June 30, 2023 — Article

At the end of June, the U.S. Supreme Court ruled in a 6-3 opinion that President Biden’s student debt relief program, which would have offered up to $20,000 in relief to working and middle class borrowers, was not authorized by the HEROES ACT. NCLC’s Co-Director of Advocacy, Abby Shafroth, issued the following statement in response to the ruling:

“We are deeply disappointed by this decision: It is wrong on the law and threatens the financial security of millions of low-income Americans who are struggling with unaffordable student loan debt. They were counting on debt relief to manage their payments when bills resume in September for the first time in three years.

“To block President Biden’s debt relief plan, the conservative majority on the Supreme Court broke from existing precedent and well-established limits on the Court’s authority to allow these cases to proceed. It then pushed aside the plain language of the law authorizing the debt relief program to invent from thin air new limits on the Secretary of Education’s authority to protect borrowers in the event of national emergencies.

“Fortunately, the opinion on debt relief is narrow–it is limited to what the Administration can do using national emergency authority under the HEROES Act. It does not prevent the Administration from pursuing debt relief under authority granted by other laws. Every option must be on the table to ensure that Americans with student loan debt can get the relief they need now. There is no time to wait–the Administration must act fast to deliver promised relief to worried borrowers and prevent the federal government from sending bills Americans cannot afford to pay in September.”

Student Loan Borrower Assistance Website

The Supreme Court’s decision blocking President Biden’s debt relief program will make managing student loans more challenging and confusing for borrowers. NCLC’s redesigned and newly updated Student Loan Borrower Assistance website provides borrowers with the information they need to manage their loans and understand their rights, and offers resources and tools to advocates who work with borrowers.

Borrowers will find detailed information on:

  • Understanding their student loan situation;
  • Preparing for payments to resume in September;
  • Managing their student loan debt, including choosing a payment plan, options for postponing payments, ways to get out of default, and programs that can cancel debt;
  • How to find additional help and resources if they have problems with their loans; and
  • A library of help videos from the Department of Education.

Advocates can find:

  • Resources and tools to use with borrowers;
  • The latest news and updates on changes to the student loan system;
  • Links to NCLC’s full student loan law for more information;
  • A calendar of trainings and information on how to connect with NCLC.

Borrowers can also use the website to share their student loan story with NCLC.

Borrower Rights After the Supreme Court Ruling

With the payment pause ending this fall, 45 million student loan borrowers across the country will be scrambling to figure out how to manage their federal student loans when payments come due this fall. A new NCLC Digital Library article discusses the eight biggest changes that will directly impact decisions and rights for many student loan borrowers.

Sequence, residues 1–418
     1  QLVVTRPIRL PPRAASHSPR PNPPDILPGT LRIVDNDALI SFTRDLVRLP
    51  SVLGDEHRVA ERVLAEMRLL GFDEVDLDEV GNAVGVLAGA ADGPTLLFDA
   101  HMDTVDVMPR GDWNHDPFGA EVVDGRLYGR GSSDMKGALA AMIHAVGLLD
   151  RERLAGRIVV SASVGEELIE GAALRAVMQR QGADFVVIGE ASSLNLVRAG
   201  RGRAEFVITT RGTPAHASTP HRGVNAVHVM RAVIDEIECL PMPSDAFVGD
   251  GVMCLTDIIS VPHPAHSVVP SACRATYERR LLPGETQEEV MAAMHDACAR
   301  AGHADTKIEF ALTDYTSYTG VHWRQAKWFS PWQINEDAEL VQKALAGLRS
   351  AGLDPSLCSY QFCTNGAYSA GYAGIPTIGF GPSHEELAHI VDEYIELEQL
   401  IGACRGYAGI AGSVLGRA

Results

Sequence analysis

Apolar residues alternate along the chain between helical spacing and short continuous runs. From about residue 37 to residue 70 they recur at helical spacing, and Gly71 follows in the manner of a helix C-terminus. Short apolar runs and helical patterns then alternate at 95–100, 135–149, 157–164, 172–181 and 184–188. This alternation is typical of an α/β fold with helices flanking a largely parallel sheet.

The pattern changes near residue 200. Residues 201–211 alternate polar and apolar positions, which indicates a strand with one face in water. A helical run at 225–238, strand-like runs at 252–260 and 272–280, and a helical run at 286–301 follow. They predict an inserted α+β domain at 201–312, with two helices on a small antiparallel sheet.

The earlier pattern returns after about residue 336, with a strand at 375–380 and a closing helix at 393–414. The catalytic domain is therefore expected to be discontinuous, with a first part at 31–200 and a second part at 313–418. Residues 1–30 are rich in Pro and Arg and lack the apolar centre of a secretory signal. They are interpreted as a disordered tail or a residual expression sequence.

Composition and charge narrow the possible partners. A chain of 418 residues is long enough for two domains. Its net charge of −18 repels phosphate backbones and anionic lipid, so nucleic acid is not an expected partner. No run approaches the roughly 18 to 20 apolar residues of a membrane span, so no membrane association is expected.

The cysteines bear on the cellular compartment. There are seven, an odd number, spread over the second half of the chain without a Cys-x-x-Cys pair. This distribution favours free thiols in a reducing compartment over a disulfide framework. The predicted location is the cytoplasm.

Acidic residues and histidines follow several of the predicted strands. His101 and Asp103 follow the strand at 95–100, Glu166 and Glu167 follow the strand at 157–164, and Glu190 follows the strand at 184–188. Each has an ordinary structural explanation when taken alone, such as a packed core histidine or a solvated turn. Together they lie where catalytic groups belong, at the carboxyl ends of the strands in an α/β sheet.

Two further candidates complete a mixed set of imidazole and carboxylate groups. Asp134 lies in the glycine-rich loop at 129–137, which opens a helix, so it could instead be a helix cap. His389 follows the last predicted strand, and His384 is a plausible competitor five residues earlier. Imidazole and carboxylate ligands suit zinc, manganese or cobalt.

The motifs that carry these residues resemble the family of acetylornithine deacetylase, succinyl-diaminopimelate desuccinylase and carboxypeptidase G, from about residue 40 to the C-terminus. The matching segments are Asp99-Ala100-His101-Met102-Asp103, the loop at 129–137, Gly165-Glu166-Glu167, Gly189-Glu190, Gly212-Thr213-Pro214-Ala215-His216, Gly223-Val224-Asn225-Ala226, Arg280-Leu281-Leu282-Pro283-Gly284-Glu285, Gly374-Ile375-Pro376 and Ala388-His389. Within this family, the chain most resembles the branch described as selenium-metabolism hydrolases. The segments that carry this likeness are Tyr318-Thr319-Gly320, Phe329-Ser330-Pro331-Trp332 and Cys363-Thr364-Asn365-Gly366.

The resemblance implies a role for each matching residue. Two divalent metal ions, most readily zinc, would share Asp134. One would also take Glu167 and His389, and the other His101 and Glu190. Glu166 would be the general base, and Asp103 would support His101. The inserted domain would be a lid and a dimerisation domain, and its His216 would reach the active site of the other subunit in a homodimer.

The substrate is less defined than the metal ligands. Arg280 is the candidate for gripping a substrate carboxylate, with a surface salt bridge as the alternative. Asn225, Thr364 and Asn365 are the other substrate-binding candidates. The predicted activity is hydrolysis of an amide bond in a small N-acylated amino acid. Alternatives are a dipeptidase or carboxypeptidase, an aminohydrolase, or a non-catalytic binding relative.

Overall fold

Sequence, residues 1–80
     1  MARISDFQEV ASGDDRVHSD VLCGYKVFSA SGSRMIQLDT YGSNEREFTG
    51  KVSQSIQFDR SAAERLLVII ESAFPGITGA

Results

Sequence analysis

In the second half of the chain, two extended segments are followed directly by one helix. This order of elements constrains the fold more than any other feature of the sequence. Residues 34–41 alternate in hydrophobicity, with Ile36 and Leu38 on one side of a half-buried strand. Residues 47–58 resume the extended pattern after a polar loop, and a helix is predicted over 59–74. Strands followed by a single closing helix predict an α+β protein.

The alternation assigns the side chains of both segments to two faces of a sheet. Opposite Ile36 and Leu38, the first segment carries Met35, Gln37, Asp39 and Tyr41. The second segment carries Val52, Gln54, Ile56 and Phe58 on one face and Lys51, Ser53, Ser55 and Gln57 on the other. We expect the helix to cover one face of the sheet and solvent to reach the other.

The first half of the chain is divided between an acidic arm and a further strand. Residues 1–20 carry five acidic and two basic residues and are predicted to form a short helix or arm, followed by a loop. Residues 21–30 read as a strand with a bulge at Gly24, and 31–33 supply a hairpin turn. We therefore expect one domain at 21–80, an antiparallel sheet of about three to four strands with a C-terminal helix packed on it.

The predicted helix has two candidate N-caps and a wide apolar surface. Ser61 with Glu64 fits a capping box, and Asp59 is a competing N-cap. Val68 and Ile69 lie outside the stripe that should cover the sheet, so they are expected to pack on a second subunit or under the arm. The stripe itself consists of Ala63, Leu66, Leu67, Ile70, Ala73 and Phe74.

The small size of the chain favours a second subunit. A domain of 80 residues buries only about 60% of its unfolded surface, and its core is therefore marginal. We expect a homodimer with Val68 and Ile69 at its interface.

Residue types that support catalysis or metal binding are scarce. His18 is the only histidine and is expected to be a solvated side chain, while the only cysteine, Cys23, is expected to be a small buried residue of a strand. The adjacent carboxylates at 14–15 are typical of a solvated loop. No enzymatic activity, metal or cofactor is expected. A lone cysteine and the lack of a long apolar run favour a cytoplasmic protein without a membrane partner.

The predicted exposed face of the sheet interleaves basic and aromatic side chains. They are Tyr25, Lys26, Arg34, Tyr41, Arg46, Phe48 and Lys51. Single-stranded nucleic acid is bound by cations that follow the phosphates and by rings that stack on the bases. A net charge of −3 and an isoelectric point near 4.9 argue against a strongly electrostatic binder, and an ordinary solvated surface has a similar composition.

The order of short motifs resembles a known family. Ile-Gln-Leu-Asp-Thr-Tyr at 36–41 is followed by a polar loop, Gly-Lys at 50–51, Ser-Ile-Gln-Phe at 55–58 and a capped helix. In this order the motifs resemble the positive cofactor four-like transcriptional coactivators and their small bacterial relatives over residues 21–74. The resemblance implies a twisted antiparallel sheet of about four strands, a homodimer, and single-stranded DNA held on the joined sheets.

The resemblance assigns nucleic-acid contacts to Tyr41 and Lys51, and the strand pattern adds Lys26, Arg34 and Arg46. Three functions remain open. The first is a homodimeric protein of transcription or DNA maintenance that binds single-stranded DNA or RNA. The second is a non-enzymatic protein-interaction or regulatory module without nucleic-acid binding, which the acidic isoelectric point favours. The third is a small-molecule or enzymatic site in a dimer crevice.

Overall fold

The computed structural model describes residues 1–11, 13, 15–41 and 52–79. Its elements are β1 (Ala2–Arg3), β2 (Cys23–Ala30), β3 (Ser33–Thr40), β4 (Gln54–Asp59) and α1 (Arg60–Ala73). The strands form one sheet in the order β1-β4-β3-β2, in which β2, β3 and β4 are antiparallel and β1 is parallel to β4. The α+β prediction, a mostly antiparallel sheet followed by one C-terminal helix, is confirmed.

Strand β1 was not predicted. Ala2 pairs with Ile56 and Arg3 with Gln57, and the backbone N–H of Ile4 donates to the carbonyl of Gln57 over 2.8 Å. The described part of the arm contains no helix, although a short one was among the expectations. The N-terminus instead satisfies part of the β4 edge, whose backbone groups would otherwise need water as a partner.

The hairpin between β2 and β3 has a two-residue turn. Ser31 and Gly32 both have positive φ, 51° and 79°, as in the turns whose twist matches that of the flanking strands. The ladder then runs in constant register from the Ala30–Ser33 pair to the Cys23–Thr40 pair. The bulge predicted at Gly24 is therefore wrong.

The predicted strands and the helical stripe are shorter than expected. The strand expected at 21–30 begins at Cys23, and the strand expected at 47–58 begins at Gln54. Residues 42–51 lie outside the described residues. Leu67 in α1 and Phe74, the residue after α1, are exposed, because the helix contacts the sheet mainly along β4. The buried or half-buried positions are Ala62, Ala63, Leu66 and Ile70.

Background on Supreme Court Cases

The Supreme Court issued decisions in two cases, Biden v. Nebraska and Department of Education v. Brown. Both challenged President Biden’s use of the HEROES Act to cancel up to $20,000 in student debt for working and middle-class people to give them breathing room as they recover from the economic fall-out of the pandemic. 

In both cases, the Court considered two questions: 

  • Whether the parties that brought these challenges to student debt relief have the legal right to challenge the debt relief program in the courts, known as standing; and
  • Whether the emergency powers Congress conferred through the HEROES Act gave the Secretary of Education authority to establish this debt relief program.

Department of Education v. Brown: The Supreme Court readily concluded that the plaintiffs in Department of Education v. Brown lacked standing to challenge the debt relief program, sinking their challenge. In that suit, two borrowers–one who is eligible for up to $10,000 in relief and one who is ineligible for relief–sought to overturn the plan for all borrowers. They claimed that they were injured because the use of the HEROES emergency authority meant the government didn’t provide them an opportunity to comment on the plan, which they may have received if the Administration had instead used the Higher Education Act (HEA) to provide debt relief. And they disingenuously argued that they wanted the Administration to provide more debt relief even though they–and the billionaire-backed group behind the lawsuit–were asking the Court to strike down debt relief for everyone. 

In a unanimous opinion, the Court held that the borrowers were not injured by the debt relief program, explaining that the Department’s decision to give other people relief under the HEROES Act did not deprive plaintiffs of the chance to seek relief under the HEA. The Court thus sent the case back to the District Court with instructions to dismiss it. Notably, the Court specifically stated that it did “not opine on the substantive lawfulness of any action the Department might take under the HEA.”

Biden v. Nebraska: In a 6-3 decision along ideological lines, the Supreme Court sided with the six states challenging the debt relief program (Nebraska, Missouri, Arkansas, Iowa, Kansas and South Carolina) and held that the plan was not lawfully authorized by the HEROES Act. The lawsuit had previously been dismissed on standing grounds by a Bush-appointed federal judge, but the Court’s conservative majority reversed, holding that Missouri has standing to sue based on financial injury to loan servicer MOHELA, which Missouri claimed would collect less in loan servicing fees if fewer people were in debt.